Tom Steyer Hastily Backpedals After Suggesting Nuclear War Could Serve as ‘Course Correction’ for Trump


Tom Steyer — the Democratic megadonor leading the charge for Donald Trump‘s impeachment — recently suggested that it might take some drastic developments to undo the impact the president has had on America.

The billionaire recently gave an interview to Rolling Stone, where he argued that the Democratic grassroots and politicians on the Left have to make Trump’s removal from office their number one priority. He also laid out his disagreements with House Minority Leader Nancy Pelosi (D-CA), who has urged Democrats not to run with platforms purely devoted to Trump’s ouster.

As Steyer countered Pelosi’s belief in controlling Trump through normal government checks and balances, he was asked about her strategizing for a midterm election blue wave that will presumably give Democrats the clout to counterbalance Trump. Interviewer Tim Dickinson noted that Pelosi used this tactic during George W. Bush‘s presidency. And Steyer reacted by suggesting it might take a catastrophic event for America to fully realize Trump’s presidency was a mistake:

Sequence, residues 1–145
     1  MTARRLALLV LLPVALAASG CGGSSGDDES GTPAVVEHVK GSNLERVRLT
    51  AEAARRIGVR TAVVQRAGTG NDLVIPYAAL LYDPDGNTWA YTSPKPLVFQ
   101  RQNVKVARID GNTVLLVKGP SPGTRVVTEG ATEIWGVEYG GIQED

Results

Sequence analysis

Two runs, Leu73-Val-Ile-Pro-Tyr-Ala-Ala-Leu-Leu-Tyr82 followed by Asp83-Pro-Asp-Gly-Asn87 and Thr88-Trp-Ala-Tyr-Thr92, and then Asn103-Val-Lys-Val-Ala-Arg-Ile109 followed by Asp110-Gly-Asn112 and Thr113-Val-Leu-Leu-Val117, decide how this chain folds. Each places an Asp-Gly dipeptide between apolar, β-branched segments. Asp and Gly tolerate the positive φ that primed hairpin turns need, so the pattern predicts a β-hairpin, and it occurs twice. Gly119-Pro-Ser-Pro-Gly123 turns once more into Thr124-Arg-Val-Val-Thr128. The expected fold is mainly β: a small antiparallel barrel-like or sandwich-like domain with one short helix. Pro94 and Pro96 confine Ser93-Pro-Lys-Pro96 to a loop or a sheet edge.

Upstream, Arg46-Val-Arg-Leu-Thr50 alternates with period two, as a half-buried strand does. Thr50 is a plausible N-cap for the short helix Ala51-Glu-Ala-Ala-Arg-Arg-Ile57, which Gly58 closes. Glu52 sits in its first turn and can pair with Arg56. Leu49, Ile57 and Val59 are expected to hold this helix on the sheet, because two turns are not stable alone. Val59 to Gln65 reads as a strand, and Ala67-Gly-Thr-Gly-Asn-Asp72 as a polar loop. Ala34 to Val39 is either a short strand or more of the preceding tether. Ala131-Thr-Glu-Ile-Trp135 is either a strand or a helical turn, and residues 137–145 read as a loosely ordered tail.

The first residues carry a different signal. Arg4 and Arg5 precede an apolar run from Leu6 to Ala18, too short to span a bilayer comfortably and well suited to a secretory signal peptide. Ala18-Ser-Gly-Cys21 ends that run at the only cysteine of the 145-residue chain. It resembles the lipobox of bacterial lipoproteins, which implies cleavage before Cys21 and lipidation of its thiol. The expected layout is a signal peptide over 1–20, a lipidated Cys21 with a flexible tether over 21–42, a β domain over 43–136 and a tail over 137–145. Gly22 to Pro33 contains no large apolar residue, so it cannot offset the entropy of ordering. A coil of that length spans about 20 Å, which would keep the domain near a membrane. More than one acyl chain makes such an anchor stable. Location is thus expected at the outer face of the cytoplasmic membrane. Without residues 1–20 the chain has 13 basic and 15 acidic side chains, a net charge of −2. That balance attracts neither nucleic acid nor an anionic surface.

“I remember 2006. What happened is that George W. Bush, he put us in two disastrous wars and we were headed toward the biggest financial disaster since the Great Depression. So if the answer is that we need those three things to happen for a course correction, I’d prefer to move a little quicker. How about that? But I take your point. Maybe we can have, like, a nuclear war and then we get a real course correction.”

To be fair, he backtracked immediately.

Dickinson: Wow – that’s…sobering.

Steyer: We’re trying to do what’s right. And 2006/2008 did not happen because George W. Bush didn’t get impeached, is what I’m saying. I should be a little bit more tempered: I take back that remark about nuclear war. The correction happened because the United States got screwed, and American citizens lost their houses and American citizens lost their lives – and, by the way, there was a terrible climate-related crisis, New Orleans, that the president fumbled. So that course correction was based on the suffering of American citizens. We’re trying to act expeditiously to avoid the suffering of American citizens.

The rest of the interview focused on the questions of whether Trump’s impeachment is feasible, and whether Steyer has any political ambitions he’d like to pursue.

[Image via screengrab]

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